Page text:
Exactly one year on from The Pink Protests' End Period Poverty demonstration in London, join BRICKS, Facebook and Nowness' director, Shelley Jones as we meet the Bloody Good Period team and discover precisely why their project is still, very much so, necessary.
Aiming to increase the number of food banks and asylum-seeker drop-in centres that provide sanitary products, Gabby Edlin created Bloody Good Period. After discovering that many people living in poverty resort to using toilet paper, old scraps of fabric or nothing at all to manage their periods, Gabby knew something had to be done to create a sustainable flow of sanitary products for those who can't afford to buy them. What started as a Facebook group, is now a growing enterprise and activist group with a vision to end period poverty, once and for all. Gabby and her team of volunteers now supply 16 asylum seeker drop in centres based in London and Leeds with sanitary products and provide long-term menstrual education to those less likely to access it. To learn more, watch the full, short documentary below.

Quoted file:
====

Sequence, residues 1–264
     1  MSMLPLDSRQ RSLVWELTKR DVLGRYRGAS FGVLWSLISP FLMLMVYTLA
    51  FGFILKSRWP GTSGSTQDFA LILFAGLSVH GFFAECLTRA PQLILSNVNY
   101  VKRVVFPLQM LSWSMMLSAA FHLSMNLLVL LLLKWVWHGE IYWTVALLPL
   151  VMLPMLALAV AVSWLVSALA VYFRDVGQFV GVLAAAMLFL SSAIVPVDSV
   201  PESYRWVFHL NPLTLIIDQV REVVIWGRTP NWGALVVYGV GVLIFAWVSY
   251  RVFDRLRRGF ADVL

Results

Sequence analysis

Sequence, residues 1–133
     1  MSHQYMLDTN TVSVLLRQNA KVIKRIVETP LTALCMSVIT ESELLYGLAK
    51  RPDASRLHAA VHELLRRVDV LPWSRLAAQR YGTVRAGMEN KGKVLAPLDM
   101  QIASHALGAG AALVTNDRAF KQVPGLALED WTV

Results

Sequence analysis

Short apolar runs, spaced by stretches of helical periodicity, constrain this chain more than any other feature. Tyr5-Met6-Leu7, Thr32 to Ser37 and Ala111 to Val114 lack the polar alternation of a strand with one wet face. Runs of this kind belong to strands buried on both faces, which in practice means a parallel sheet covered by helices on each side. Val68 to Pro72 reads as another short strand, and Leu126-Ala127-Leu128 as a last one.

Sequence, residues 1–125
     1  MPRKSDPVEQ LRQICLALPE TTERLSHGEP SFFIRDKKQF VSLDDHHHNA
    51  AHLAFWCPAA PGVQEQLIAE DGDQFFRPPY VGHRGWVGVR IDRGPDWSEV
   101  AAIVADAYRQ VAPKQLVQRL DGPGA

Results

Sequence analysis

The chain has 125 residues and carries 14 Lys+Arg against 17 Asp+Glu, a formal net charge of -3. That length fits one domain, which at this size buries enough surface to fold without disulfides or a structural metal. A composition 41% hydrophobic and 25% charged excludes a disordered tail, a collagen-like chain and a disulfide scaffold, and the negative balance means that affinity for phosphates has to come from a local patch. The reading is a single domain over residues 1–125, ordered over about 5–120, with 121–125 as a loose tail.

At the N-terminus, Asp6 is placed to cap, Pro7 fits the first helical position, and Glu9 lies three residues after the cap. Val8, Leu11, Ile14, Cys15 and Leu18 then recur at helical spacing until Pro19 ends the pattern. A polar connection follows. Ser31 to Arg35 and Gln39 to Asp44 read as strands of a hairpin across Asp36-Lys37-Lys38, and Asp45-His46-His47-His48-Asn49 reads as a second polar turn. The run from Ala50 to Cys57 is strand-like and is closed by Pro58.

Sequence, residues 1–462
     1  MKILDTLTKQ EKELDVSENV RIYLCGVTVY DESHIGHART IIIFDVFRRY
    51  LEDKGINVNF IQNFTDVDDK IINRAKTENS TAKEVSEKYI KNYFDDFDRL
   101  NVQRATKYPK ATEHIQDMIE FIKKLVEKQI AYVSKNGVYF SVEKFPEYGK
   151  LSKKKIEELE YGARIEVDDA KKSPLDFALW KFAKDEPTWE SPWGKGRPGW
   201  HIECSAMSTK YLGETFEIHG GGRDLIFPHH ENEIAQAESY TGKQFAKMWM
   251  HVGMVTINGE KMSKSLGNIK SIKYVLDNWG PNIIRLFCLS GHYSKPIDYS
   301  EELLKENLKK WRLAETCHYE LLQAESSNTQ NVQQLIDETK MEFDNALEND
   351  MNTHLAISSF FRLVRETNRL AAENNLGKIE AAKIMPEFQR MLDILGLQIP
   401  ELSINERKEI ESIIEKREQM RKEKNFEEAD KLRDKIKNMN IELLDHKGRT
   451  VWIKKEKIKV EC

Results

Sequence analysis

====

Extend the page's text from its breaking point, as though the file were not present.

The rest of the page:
This video was commissioned by Facebook, and produced by TCO London, in celebration of inspirational communities that started via their website. You too can help support Bloody Good Period this Christmas by donating to their 'Festive Period' campaign via their website.